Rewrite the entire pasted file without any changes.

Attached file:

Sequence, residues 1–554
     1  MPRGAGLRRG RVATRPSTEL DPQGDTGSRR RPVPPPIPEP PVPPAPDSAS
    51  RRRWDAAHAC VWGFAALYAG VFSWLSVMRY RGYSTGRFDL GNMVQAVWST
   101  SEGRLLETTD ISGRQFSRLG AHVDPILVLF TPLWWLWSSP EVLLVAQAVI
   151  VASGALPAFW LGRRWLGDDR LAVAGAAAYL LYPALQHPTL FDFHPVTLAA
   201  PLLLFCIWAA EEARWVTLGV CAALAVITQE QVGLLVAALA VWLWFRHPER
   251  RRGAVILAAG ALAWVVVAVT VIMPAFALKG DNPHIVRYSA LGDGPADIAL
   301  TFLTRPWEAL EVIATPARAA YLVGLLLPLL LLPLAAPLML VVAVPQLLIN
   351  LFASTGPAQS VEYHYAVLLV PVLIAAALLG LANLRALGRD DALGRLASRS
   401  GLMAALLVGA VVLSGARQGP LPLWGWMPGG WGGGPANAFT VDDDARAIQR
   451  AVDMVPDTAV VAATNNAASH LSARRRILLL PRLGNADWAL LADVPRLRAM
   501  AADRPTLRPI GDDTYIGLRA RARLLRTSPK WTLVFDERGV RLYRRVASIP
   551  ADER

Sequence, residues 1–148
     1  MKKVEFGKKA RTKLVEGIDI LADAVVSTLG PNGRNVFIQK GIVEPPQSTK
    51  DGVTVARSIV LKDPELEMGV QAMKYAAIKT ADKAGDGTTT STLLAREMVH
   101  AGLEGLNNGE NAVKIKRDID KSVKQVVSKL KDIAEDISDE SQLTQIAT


Sequence, residues 1–554
     1  MPRGAGLRRG RVATRPSTEL DPQGDTGSRR RPVPPPIPEP PVPPAPDSAS
    51  RRRWDAAHAC VWGFAALYAG VFSWLSVMRY RGYSTGRFDL GNMVQAVWST
   101  SEGRLLETTD ISGRQFSRLG AHVDPILVLF TPLWWLWSSP EVLLVAQAVI
   151  VASGALPAFW LGRRWLGDDR LAVAGAAAYL LYPALQHPTL FDFHPVTLAA
   201  PLLLFCIWAA EEARWVTLGV CAALAVITQE QVGLLVAALA VWLWFRHPER
   251  RRGAVILAAG ALAWVVVAVT VIMPAFALKG DNPHIVRYSA LGDGPADIAL
   301  TFLTRPWEAL EVIATPARAA YLVGLLLPLL LLPLAAPLML VVAVPQLLIN
   351  LFASTGPAQS VEYHYAVLLV PVLIAAALLG LANLRALGRD DALGRLASRS
   401  GLMAALLVGA VVLSGARQGP LPLWGWMPGG WGGGPANAFT VDDDARAIQR
   451  AVDMVPDTAV VAATNNAASH LSARRRILLL PRLGNADWAL LADVPRLRAM
   501  AADRPTLRPI GDDTYIGLRA RARLLRTSPK WTLVFDERGV RLYRRVASIP
   551  ADER

Sequence, residues 1–148
     1  MKKVEFGKKA RTKLVEGIDI LADAVVSTLG PNGRNVFIQK GIVEPPQSTK
    51  DGVTVARSIV LKDPELEMGV QAMKYAAIKT ADKAGDGTTT STLLAREMVH
   101  AGLEGLNNGE NAVKIKRDID KSVKQVVSKL KDIAEDISDE SQLTQIAT